16 April 2015
Google’s making huge changes in how they’ll rank web sites, and those changes take effect next week on April 21. Google has warned that sites that are not responsive will be penalized in rankings. If you run WordPress sites, then switching to responsive WordPress themes will prevent you from losing your Google juice.
You may be saying: ZOMG! What do I do?
(At the end, I’ll have a new thingy for you author types.)
If you have a self-hosted WordPress site and haven’t done a ton of customization to your theme, here are some themes that will at least get you over that hump.
Note that I’ve only added responsive WordPress themes that are free, not “lite” versions of commercial themes that are often omitting really basic features so that you’ll pay for it. One of those features often missing? Responsive.
For those of who who’ve never used WordPress child themes, they are a spectacular feature.
Essentially, it’s installed just like any other WordPress theme, it’s just that you need both the child and the parent theme installed for it to work.
As a marketing coach I know phrased it: “No one ever complained about having three times as much Google traffic. For free.” And that’s true. All you’re doing in changing to responsive WordPress themes is making it easier for people to find your site.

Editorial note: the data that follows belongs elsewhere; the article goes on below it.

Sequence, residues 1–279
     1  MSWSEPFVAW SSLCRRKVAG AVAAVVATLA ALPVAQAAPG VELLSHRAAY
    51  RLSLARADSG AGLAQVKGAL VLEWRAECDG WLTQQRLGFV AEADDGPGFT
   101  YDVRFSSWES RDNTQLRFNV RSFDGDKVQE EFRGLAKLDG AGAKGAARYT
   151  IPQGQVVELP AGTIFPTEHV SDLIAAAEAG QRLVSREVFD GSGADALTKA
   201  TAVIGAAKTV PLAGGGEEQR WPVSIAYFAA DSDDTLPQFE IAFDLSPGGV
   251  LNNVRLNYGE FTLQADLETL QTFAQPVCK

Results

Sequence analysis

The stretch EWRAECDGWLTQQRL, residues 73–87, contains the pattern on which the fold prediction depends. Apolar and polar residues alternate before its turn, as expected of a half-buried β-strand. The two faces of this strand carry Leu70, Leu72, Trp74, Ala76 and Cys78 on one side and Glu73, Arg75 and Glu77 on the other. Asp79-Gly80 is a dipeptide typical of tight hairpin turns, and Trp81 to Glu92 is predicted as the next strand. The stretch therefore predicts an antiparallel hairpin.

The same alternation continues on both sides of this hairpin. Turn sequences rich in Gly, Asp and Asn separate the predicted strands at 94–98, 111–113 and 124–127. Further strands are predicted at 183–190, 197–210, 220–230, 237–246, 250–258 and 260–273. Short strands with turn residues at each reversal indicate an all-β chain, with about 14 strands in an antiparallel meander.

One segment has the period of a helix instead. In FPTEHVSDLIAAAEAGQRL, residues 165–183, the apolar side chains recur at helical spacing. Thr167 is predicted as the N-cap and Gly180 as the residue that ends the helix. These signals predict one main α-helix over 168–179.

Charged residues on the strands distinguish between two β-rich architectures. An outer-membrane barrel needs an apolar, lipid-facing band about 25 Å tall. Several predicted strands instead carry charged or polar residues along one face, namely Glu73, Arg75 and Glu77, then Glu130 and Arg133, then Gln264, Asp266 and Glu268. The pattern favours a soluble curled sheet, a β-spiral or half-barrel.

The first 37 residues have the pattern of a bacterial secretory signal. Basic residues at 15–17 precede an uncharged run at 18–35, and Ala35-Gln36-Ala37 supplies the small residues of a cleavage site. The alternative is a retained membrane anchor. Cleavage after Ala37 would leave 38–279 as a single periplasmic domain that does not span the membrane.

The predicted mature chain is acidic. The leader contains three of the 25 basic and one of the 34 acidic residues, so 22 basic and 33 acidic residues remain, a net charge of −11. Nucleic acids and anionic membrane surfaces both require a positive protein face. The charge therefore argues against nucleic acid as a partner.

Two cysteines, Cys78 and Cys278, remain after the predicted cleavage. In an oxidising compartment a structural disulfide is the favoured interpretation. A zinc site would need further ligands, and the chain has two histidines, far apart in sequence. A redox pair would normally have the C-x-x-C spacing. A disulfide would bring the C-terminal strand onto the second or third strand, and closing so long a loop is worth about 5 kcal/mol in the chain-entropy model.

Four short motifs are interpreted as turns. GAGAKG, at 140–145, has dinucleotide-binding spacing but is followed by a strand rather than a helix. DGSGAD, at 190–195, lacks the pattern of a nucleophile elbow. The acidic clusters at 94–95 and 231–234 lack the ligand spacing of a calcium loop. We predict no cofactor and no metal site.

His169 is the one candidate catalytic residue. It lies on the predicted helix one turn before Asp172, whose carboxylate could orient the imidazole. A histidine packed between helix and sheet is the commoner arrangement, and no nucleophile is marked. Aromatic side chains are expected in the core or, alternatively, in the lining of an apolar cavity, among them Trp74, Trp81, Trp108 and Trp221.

I don’t know why Google’s pushing this change specifically, but I’ve been really frustrated with horrible mobile experiences. Bad mobile sites cause a higher bounce rate. Reducing bounce rate is also critical to ranking, so you may find that you get a lift in traffic. I mention in that link that I was testing something, and that test has been successful. I’ll write about it next week.
Less than ten minutes before I planned to post this, I found out about a new paid theme I’m super excited about.
One of the huge problems of author-friendly themes out there is that most are designed for one book. They’re inevitably badly designed for the face that book covers are (not universally, but nearly so) tall rather than wide or square, and almost all WordPress themes use landscape or square images.
That kind of thing? Will drive you crazy over time.
I was in the middle of fussing with some theme constraints, and now I’m packing in that project because StudioPress, author of the Genesis themes family, has a new Author theme.
Further, even if you don’t want that particular Genesis theme, there’s a free Genesis Author Pro plugin that’ll work with any Genesis theme.
StudioPress themes are lean, optimized for speed and search engine optimization. I’m really glad I switched last year. I was in the middle of making some changes, so I may well switch to the Author Pro theme myself.